Traumatic Brain Injury
Many veterans from the Iraq and Afghanistan conflicts have suffered Traumatic Brain Injury (TBI), which is a form of acquired brain injury where sudden trauma causes damage to the brain. Soldiers in combat can sustain TBI by blast exposure, sudden blunt force trauma to the head, or foreign objects hitting the head and piercing the skull. Many veterans have sustained TBI in non-combat situations while in service, such as in motor vehicle accidents, other accidents, sports and falls. Symptoms of TBI can be mild, moderate, or severe. Some long term symptoms of TBI are: headache, blurred vision or tired eyes, ringing in the ears, seizures, depression, and trouble with memory, concentration, attention, or thinking.
The VA instituted a new rating schedule for TBI in October 2008; the prior rating schedule was deemed to be completely inadequate to compensate for disabilities resulting from TBI. The new rating schedule applies to all VA claim filed after October 22, 2008; however, the old rating criteria still apply to claims filed before that date.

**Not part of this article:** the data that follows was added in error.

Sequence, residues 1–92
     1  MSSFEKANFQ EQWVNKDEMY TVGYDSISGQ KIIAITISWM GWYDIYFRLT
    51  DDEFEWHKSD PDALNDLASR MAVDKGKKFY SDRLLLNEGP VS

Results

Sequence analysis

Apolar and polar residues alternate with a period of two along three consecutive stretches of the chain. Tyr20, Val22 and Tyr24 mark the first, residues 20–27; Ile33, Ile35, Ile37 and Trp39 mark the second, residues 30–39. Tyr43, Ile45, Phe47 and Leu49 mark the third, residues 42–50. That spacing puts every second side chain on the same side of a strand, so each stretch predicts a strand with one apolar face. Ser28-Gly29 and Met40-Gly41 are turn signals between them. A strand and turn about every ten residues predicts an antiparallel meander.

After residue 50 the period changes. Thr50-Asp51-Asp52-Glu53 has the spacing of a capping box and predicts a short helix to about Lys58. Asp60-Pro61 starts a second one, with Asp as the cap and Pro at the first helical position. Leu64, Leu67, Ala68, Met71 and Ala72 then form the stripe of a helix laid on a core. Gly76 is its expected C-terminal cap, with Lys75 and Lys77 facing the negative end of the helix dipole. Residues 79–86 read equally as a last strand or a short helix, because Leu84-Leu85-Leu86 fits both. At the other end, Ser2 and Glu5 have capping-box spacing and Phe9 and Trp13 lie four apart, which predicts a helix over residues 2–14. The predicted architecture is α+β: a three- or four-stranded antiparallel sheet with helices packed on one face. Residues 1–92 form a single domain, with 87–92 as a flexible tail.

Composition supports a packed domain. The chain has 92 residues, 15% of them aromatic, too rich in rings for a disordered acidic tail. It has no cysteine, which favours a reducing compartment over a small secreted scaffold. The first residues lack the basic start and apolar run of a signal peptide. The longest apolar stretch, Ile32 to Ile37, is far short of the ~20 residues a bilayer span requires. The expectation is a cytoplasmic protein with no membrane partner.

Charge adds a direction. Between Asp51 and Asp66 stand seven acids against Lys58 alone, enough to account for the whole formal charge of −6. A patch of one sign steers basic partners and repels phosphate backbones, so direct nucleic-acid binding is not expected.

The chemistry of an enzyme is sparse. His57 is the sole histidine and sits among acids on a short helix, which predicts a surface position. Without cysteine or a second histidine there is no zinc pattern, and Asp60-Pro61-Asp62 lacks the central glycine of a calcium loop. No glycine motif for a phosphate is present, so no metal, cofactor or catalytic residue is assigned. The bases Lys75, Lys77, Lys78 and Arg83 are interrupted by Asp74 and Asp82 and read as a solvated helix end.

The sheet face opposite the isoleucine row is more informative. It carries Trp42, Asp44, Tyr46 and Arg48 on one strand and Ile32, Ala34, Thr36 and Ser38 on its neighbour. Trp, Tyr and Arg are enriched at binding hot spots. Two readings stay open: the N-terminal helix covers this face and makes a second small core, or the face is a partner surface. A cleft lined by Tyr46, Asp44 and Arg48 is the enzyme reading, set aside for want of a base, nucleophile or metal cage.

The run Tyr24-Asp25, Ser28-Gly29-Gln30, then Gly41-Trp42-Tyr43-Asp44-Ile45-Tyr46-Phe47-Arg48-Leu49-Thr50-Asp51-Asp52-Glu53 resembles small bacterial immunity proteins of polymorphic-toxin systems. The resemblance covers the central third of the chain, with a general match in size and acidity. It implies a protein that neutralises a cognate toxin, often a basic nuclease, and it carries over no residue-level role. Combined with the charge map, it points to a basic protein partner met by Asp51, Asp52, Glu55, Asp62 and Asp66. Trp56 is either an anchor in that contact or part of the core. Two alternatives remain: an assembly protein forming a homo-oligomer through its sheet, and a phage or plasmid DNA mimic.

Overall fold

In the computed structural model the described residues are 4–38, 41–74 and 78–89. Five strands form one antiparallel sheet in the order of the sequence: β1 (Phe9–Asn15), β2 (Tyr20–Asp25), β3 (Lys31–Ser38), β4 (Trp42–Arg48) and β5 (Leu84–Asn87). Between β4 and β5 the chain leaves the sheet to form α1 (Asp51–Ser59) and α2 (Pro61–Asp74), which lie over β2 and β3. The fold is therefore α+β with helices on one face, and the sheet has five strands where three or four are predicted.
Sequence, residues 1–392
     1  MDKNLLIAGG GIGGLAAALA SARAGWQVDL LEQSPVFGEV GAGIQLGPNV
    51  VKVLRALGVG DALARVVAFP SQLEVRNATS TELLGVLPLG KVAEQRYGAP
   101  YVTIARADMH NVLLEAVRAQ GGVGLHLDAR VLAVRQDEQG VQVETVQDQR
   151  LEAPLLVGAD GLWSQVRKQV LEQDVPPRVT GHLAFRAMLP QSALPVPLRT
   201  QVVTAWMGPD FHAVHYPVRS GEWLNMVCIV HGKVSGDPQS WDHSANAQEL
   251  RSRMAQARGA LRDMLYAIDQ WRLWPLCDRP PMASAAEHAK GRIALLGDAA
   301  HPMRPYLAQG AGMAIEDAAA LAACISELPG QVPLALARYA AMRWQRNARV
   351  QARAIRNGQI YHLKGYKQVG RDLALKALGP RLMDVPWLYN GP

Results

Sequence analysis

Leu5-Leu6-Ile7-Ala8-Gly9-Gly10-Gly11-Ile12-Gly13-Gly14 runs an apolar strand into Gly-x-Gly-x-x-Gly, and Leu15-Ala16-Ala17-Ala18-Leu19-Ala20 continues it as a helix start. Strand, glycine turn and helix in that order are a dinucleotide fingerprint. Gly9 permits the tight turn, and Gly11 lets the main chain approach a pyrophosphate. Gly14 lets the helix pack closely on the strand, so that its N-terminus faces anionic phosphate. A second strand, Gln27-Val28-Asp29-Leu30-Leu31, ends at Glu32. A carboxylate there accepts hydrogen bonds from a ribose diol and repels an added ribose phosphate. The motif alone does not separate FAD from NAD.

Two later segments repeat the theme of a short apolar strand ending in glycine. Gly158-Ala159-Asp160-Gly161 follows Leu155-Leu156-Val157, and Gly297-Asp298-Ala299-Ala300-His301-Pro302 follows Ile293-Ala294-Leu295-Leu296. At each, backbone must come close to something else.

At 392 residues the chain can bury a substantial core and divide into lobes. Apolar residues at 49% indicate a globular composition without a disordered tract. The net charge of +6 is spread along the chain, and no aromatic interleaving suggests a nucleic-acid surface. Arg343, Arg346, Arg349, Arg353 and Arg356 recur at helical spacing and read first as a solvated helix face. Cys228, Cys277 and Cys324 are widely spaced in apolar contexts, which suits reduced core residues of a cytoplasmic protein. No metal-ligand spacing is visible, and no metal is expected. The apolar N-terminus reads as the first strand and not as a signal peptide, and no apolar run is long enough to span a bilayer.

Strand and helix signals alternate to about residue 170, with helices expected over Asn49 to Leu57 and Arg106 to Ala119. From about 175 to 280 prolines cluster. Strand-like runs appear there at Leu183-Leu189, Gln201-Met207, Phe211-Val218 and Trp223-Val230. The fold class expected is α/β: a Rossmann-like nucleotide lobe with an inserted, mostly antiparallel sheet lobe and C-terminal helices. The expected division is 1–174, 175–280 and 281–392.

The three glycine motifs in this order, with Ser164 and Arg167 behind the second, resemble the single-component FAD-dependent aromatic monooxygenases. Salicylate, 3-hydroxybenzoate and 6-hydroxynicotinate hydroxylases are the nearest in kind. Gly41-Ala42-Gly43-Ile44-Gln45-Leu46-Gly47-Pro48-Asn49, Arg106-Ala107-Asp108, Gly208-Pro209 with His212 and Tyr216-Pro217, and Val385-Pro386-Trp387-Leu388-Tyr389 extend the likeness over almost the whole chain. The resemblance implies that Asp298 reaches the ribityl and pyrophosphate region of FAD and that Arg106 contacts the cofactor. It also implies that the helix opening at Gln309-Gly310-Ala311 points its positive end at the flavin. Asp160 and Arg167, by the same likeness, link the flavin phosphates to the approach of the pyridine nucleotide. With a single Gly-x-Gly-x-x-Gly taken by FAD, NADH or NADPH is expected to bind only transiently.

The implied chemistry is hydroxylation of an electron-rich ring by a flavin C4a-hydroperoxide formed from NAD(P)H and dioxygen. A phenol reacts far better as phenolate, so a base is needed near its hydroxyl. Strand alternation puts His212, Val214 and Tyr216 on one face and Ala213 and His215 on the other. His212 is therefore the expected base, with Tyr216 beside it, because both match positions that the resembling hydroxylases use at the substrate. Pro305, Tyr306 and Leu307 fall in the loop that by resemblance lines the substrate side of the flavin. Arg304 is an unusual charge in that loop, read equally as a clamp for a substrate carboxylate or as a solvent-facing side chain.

Under the new rating schedule, veterans with TBI may be compensated for TBI residuals in the following categories:
- Emotional/behavioral residuals
- Physical (neurologic) dysfunction
- Subjective symptoms
- Cognitive impairment residuals.
Traumatic Brain Injury often occurs at the same time as mental health disabilities, which are evaluated under the “emotional/behavior residuals” category. For mental health conditions which do not rise to the level of a separate mental disorder, they are simply evaluated under this category. However, veterans with TBI and diagnosed mental health disabilities will receive a separate rating for that mental health disability.
Special Monthly Compensation for TBI
Veterans with TBI may be eligible for an additional Special Monthly Compensation monetary benefit if, due to TBI residuals, the veteran is in need of aid and attendance, and would require hospitalization, nursing home care, or other residential institutional care in the absence of regular in-home aid and attendance.